If the power light is now happily pulsing and it took a while to get to that state (whilst the MacBook copied its state to disk) then its time to interrupt the power.
Flip your MacBook over and press the battery-bay latch:
Then remove the cover:
and remove the battery, just for a couple of seconds:
Then put it all back together and hey-presto, the power light is off and its consuming almost no power at all.
When you next wish to use your MacBook, just open it up and press the power button. (Because it’s off off — really off — you do need to press the power button; opening the lid or pressing a key isn’t enough.) Mac OS X will begin to boot and then show a progress marker while the system’s state is restored from disk:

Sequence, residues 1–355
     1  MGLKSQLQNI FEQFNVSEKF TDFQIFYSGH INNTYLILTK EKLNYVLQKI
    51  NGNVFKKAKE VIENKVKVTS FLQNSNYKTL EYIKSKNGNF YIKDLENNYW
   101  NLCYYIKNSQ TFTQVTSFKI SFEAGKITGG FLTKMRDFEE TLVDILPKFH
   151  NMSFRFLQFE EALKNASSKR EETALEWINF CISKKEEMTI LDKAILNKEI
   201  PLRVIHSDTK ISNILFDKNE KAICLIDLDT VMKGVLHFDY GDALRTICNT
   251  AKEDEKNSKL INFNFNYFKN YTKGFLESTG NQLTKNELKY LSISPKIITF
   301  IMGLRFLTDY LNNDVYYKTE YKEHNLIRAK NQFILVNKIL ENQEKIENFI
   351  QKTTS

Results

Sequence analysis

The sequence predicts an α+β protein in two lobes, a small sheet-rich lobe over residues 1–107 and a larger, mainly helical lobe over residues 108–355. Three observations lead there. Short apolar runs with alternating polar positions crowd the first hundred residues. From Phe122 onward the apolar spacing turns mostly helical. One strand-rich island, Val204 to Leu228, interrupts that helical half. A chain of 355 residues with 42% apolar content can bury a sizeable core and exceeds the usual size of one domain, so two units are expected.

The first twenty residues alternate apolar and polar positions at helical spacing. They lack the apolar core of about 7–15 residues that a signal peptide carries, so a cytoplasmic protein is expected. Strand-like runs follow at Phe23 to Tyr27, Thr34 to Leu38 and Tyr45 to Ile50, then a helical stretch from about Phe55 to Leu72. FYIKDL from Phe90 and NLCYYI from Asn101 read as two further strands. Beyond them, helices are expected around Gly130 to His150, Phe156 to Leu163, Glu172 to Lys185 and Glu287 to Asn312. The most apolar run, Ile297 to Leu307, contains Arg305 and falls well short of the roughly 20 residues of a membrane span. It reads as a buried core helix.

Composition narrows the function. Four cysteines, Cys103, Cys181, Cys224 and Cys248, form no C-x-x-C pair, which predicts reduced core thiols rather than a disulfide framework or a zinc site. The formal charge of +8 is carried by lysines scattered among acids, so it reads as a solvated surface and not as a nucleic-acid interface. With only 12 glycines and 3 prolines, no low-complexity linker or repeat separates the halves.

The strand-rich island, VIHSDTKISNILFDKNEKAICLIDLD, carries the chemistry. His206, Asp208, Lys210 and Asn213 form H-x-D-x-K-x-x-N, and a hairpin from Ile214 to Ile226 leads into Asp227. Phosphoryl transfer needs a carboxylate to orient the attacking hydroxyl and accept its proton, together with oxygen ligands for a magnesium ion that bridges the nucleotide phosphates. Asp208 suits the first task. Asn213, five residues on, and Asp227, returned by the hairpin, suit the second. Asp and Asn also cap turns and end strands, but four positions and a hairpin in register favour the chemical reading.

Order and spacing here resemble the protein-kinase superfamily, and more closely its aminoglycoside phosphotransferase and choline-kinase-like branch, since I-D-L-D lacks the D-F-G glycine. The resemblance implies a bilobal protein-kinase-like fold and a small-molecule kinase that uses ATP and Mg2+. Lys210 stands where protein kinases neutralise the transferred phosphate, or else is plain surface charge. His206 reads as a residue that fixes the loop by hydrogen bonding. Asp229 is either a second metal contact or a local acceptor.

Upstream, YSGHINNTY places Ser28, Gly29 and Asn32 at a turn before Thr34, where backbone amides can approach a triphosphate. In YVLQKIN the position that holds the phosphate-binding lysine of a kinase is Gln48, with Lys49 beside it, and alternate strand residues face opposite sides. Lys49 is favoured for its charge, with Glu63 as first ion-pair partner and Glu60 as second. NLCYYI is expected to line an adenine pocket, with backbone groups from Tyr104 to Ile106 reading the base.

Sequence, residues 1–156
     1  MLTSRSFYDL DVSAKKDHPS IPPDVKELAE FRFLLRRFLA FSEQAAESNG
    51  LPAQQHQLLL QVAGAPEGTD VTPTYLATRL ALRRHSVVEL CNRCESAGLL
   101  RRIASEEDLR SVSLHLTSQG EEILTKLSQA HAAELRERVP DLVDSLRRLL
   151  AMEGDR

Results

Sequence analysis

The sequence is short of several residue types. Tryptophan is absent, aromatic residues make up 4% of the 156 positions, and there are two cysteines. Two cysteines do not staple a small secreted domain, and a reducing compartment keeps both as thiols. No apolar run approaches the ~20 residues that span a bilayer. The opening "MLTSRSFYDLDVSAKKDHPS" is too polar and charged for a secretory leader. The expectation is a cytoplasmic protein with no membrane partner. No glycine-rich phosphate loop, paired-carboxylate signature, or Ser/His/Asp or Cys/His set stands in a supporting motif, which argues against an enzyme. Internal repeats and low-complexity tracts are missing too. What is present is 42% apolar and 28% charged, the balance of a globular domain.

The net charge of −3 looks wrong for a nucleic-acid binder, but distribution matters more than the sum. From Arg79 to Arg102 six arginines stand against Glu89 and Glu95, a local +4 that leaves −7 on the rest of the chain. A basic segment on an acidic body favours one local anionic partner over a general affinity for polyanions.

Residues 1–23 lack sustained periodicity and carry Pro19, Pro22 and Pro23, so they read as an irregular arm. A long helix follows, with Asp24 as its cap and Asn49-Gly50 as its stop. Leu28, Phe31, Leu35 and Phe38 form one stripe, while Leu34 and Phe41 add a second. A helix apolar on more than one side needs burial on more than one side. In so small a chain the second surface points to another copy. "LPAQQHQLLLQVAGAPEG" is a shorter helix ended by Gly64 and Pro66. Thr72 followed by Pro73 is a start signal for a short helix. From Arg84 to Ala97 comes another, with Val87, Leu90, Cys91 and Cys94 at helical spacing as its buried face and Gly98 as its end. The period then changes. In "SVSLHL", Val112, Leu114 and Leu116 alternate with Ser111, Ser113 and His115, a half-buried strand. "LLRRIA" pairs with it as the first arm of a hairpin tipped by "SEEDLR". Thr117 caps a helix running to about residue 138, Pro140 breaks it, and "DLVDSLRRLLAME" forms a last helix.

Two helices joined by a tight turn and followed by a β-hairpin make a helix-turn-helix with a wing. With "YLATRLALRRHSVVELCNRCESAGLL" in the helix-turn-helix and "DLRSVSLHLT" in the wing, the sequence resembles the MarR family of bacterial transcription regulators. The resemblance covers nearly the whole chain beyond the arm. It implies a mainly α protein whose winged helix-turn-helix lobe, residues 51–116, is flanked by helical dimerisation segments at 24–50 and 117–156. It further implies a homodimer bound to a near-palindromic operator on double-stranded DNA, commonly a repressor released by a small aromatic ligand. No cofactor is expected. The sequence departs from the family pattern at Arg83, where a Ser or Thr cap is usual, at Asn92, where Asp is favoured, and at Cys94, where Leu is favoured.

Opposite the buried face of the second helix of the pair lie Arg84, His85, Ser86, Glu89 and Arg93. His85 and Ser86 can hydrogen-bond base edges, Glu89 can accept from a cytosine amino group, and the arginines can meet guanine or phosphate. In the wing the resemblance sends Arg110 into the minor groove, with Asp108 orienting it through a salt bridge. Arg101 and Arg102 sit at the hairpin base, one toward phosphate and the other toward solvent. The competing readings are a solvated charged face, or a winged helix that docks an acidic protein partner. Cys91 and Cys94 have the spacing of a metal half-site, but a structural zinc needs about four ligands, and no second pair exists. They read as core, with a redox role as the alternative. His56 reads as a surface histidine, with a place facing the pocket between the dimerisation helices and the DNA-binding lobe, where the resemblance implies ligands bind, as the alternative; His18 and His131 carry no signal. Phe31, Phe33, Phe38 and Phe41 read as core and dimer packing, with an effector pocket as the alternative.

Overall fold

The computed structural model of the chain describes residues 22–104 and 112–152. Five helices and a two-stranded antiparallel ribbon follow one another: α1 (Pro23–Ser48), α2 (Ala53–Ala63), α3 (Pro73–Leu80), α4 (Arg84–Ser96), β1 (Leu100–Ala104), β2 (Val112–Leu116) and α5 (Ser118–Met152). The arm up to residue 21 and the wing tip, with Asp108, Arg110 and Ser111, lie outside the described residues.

After a short while (about 35 seconds on my late-2008 MacBook Pro with 4GB of RAM), your MacBook will spring back to life in the same state as it was when you closed the lid, and with the same battery life!
How’s this work?
Modern Macs do what Windows Vista (for example) calls a Hybrid Sleep whereby it saves its state to disk as well as maintaining the same state using battery power. When you close the lid, the illuminated Apple logo goes off immediately so that you know it’s going to sleep, but actually the MacBook spends the next 20 seconds or so copying its state (mostly the contents of its RAM) on to disk. This is so that, should the battery go flat (and it will do within days, even if it’s full to start with), you won’t lose any data — you just have to wait longer for the machine to wake up once power is restored.